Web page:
By John Haughey | The Center Square
Florida citrus growers' most pervasive challenge over the past decade has been combating greening disease, or citrus huanglongbing, an unculturable bacteria that originated in China and was imported from Brazil.
Now beset by economic disruptions caused by a virus that originated in China, the Sunshine State’s $8.6 billion citrus industry is forecast to see continued declines in harvests and profits this coming growing season.
The U.S. Department of Agriculture’s citrus forecast, released late last week, projected Florida citrus groves will produce 57 million 90-pound boxes of oranges during the 2020-21 grow season, which began this month and ends in July. That is down 15 percent from 67.3 million boxes harvested during the 2019-20 season.
The USDA also forecast Florida will produce 4.5 million boxes of grapefruit, down 7 percent from this year’s harvest.
According to the Florida Department of Citrus (FDC), the state’s 4,000 citrus growers employ 45,000 people in managing nearly 440,000 acres of groves, provide an annual economic impact of $8.6 billion and account for 57.7 percent of the nation’s domestic orange production.
The scaled-back USDA projection was expected, Florida Agriculture Commissioner Nikki Fried said.
“Since late spring, the Florida citrus industry has anticipated the 2020-21 citrus crop to be smaller than the prior season, and today confirms that assumption,” she said in a statement. “However, Florida citrus production is a marathon, not a sprint, and the Florida Department of Agriculture and Consumer Services stands committed to help strengthen and promote Florida-grown citrus.”
FDC Executive Director Shannon Shepp said USDA’s lowered expectations “is more likely reflective of factors beyond grower control.”
Noting the “first forecast of the season serves as a starting point, we recognize it does not necessarily indicate where we will end up,” Shepp said. She is “optimistic about the conditions of groves, preparations for the coming season’s crop and continued efforts to combat greening."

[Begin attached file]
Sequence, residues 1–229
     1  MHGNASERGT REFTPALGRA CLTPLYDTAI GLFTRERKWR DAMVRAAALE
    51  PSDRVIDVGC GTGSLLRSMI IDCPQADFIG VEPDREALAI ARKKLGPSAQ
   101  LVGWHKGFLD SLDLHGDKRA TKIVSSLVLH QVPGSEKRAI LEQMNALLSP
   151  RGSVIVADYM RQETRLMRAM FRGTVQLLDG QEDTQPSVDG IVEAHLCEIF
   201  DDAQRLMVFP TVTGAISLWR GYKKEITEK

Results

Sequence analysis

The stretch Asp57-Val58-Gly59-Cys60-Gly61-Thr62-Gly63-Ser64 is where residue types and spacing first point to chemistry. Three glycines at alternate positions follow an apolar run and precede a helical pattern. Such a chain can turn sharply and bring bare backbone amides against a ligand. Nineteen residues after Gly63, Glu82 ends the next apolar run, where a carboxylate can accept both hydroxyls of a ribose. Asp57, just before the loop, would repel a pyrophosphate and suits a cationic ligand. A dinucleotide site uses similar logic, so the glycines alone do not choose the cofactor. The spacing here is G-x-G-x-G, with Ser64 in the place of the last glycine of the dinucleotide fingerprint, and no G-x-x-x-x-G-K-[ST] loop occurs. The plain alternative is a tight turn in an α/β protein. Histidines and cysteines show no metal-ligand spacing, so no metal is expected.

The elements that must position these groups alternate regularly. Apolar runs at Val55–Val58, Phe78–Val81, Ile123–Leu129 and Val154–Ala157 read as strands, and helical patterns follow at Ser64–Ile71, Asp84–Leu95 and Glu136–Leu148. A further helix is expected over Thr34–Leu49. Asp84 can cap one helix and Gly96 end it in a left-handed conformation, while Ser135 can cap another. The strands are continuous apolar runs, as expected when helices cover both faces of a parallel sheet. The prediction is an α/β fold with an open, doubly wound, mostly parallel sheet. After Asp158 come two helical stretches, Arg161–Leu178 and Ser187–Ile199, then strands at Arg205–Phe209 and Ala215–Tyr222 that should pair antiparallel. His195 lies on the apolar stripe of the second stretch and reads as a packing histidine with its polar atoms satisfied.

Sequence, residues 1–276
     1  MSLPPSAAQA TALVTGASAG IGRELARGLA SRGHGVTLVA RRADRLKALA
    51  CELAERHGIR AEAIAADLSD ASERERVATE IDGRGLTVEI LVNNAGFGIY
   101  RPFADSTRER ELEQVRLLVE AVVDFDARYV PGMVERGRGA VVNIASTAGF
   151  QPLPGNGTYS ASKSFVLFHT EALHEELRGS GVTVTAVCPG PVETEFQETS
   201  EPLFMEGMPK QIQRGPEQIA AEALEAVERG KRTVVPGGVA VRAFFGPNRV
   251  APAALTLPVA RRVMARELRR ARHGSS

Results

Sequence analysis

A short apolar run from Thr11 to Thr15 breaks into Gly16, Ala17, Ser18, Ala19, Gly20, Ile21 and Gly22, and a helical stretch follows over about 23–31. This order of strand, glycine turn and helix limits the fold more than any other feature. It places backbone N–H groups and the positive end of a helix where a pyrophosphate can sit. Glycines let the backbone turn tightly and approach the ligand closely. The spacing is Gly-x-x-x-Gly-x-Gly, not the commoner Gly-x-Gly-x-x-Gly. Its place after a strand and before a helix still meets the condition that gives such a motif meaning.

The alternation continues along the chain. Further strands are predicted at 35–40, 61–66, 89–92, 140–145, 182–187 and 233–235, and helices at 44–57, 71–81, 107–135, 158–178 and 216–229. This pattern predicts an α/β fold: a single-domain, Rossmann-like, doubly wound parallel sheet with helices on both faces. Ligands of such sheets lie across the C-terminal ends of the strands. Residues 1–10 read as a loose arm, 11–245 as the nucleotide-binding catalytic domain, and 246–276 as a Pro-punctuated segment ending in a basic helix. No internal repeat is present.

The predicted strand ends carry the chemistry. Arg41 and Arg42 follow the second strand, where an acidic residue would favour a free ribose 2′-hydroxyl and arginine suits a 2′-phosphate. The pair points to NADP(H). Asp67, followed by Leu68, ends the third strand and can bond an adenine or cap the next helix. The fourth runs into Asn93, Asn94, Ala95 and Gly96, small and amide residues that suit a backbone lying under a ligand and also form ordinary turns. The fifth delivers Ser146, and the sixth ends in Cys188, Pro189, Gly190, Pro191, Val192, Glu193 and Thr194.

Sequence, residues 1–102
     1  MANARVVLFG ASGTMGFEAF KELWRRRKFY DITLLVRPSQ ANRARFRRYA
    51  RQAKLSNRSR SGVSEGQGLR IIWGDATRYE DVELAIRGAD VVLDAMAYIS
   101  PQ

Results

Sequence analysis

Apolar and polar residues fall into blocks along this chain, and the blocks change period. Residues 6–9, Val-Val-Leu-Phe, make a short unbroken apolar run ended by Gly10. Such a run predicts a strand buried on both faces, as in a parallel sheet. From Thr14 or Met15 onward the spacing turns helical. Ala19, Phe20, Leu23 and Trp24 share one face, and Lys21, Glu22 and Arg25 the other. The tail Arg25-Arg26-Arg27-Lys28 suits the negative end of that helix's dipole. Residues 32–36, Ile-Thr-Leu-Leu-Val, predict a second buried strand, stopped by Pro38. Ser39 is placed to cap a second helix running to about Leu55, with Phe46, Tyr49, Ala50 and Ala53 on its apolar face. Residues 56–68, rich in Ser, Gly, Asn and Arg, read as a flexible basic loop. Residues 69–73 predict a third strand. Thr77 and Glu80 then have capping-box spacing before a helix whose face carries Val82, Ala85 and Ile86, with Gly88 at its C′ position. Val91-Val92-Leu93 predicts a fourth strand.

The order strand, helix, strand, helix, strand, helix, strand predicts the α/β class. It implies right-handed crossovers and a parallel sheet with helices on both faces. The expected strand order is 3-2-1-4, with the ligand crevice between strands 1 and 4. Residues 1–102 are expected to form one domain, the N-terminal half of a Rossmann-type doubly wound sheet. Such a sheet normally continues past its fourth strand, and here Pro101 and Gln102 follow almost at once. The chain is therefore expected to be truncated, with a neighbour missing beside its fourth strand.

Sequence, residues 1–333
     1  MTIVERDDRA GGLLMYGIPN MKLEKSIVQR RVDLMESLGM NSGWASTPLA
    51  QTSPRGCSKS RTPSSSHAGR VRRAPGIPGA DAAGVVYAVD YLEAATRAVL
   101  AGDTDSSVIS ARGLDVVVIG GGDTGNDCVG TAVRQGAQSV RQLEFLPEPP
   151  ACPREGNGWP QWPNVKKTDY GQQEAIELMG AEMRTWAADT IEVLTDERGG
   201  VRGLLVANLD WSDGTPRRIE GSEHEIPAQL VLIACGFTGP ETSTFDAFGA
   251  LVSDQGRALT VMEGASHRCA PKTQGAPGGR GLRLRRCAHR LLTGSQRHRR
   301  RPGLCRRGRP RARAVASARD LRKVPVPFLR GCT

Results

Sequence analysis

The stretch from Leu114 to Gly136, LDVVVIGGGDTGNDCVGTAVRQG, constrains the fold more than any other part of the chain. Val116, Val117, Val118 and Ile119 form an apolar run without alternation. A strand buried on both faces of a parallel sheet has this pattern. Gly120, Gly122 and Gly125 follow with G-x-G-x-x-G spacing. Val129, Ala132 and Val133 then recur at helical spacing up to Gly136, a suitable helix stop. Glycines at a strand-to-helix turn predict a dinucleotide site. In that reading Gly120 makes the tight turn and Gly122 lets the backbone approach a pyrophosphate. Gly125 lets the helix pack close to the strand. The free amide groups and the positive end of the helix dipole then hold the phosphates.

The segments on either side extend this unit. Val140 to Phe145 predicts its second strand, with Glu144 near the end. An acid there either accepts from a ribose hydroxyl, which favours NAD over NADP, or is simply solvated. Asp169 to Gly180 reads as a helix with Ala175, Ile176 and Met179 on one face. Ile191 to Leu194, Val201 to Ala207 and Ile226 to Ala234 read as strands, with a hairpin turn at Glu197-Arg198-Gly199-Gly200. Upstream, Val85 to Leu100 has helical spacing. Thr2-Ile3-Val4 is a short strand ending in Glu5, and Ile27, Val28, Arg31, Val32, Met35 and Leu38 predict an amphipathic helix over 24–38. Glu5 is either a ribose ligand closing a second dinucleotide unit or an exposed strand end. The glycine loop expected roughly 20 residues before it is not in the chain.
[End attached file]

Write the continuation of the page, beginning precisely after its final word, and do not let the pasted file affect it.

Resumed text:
Florida’s citrus industry has struggled the past two decades from development of rural areas; changes in drinking habits; the infusion of lower-priced – often subsidized – citrus imports, primarily from Mexico; and the emergence of greening disease.
Hurricane Irma exacerbated those issues, damaging $760 million in crops and 420,000 acres of citrus groves.
A USDA report in August found about half of Florida’s citrus groves have disappeared since 2000, when they produced nearly 200 million orange and 50 million grapefruit boxes.
The Florida Citrus Commission will consider Oct. 21 increasing a box tax growers pay – now 7 cents per box – for marketing in an effort to capture domestic markets inundated with citrus from Mexico and Brazil.
The commission is pondering a proposed $10 million national marketing campaign to find new markets for Florida oranges, of which about 95 percent is processed into juice.
The FDC based its box-tax revenue projection for 2021 in June on 2020 harvest numbers: 67.65 million boxes of oranges, 4.89 million boxes of grapefruit and 1.02 million boxes of specialty crops.
The USDA’s forecast tabbed the projected harvest to be 57 million orange boxes, 4.5 million grapefruit boxes and 1.1 million boxes of specialty crops – mostly tangerines and tangelos.
Florida Citrus Commission members expressed in June the state’s projected 2020-21 growing season forecast was too high and, therefore, without increasing the box tax, revenues would fall short in funding the effort.
“When Americans think of wellness and health, their thoughts turn to Florida orange juice and fresh citrus, especially during these unprecedented times,” Fried said. “Despite the challenges Florida’s citrus growers have faced as a result of citrus greening, I continue to be encouraged by the resiliency of this industry, its producers, and their commitment to new plantings, research and innovation.”